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Quarterly Budget Implementation Reports

When talking about the timeline for budget making, there is one area which does not get significant media coverage, if any…the area pertaining to Quarterly Budget Implementation Reports. These are not the reports produced by the Office of the Controller of Budget (COB) which receive more attention (even though it is rarely reported that the COB fails to publish detailed reports as well as quarterly reports). Rather, these are quarterly reports that should be made available by the National Treasury and the County Treasuries.

The Public Finance Management Act directs the national and the county governments to prepare and to table these reports before the National Assembly and the County Assembly respectively.

To arrive 45 Days after End of Quarter

According to Section 83(5) of the Public Finance Management Act, the National Treasury should submit quarterly budget implementation reports, which are consolidated budget implementation reports for national government entities, to the National Assembly not later than 45 days after the end of each quarter. The National Treasury should also send copies of the reports to the Controller of Budget, Auditor-General and the Commission on Revenue Allocation. The Treasury should also publish and publicise the reports within the same period.

The deadlines for submission of these reports to the National Assembly are:

15th November; for the first quarter (July-September)

15th February; for the second quarter (October-December),

15th May; for the third quarter (January-March), and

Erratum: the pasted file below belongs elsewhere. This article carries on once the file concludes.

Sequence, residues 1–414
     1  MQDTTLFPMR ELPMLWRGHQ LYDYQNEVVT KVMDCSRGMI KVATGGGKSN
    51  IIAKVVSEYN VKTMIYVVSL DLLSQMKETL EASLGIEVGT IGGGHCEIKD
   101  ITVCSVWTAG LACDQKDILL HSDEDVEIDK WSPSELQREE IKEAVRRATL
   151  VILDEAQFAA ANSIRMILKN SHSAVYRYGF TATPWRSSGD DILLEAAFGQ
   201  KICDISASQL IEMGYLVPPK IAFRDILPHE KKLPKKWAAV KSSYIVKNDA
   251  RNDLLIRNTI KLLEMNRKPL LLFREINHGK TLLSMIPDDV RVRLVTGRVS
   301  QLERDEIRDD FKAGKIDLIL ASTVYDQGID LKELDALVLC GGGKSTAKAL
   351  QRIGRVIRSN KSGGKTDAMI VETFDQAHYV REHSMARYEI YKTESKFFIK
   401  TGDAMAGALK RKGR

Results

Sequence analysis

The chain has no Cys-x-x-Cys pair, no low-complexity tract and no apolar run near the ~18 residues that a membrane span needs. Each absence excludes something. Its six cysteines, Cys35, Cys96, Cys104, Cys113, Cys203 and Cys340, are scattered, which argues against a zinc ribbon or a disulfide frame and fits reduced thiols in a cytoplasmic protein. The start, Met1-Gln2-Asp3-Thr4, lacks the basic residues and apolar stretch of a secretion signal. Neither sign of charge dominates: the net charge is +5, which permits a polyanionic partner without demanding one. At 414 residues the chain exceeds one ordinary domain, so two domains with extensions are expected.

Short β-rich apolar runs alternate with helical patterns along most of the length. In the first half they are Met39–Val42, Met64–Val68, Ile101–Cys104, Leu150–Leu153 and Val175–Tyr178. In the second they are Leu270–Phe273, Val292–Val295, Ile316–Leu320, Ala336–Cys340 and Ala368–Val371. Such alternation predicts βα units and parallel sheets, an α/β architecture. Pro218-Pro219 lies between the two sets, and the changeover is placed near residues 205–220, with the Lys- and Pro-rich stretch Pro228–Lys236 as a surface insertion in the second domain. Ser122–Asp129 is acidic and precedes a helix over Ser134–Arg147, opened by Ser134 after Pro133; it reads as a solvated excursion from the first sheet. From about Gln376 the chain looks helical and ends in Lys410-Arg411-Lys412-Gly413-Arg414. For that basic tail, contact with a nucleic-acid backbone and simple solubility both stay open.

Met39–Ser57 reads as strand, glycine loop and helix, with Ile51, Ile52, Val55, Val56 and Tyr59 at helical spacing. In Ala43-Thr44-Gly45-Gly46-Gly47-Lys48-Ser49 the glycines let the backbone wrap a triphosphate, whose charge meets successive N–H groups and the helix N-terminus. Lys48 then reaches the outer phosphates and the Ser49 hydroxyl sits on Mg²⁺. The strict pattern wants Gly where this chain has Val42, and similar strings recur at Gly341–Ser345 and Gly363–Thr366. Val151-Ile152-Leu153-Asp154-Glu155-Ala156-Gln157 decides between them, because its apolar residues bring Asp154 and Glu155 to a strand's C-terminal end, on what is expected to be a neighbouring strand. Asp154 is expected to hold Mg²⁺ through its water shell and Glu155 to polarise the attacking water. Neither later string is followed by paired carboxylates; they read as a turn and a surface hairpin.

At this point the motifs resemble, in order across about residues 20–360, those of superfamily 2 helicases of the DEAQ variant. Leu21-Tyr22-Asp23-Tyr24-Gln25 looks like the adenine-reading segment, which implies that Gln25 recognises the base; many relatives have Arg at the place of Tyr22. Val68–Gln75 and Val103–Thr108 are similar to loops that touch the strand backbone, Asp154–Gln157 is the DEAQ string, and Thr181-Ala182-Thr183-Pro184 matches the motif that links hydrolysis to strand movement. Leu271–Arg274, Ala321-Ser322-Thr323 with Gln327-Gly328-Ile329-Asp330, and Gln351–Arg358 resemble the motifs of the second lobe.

15th August; for the fourth quarter (April-June) respectively for each financial year.

County Governments are to submit them as well

For the county governments, according to Section 166(4) of the Public Finance Management Act, the County Treasury should submit quarterly budget implementation reports for the county entities to the county assembly. It should also deliver copies to the Controller of Budget, National Treasury and the Commission on Revenue Allocation, and publish and publicise them. All this should take place not later than one month after the end of each quarter.

Therefore, the deadline for counties to make these reports available is October 31, January 31, April 31 and July 31 respectively.

How journalists can follow up on these reports

The best way a journalist can follow up on whether both the national and county governments are preparing and publicising these reports is to look online through their websites. The International Budget Partnership (IBP Kenya), is an organization that has been following on these and other documents, especially for the county governments, such as the county budget estimates, approved budgets and amended budgets.

IBP reports for the year 2014, 2015 and 2016 paint a grim picture on how the county governments are breaking the financial laws such as the Public Finance Management Act by failing to publish these documents online. They can be a useful resource that can guide a journalist on how to follow up on these reports.

Suggestions for Journalists
  • Has the national or county government published its quarterly budget implementation reports online? Have the reports been tabled, published and publicised within the required budget timelines by law?
  • If the reports are not online, write to the National Assembly Speaker or Clerk, or the County Assembly Speaker or  Clerk, respectively, and request for copies of the reports.
  • If you get the reports, check them against the budget (preferably the approved budget). Report on whether the actual expenditure is in line with the approved expenditure.
  • Report on your findings, intriguing as they may be, and stick to the facts.
  • Organize interviews with officials in the National Treasury or County Treasury and ask them questions regarding these reports. For example, why they have not been tabled or publicised? Seek clarification on any findings in the reports.
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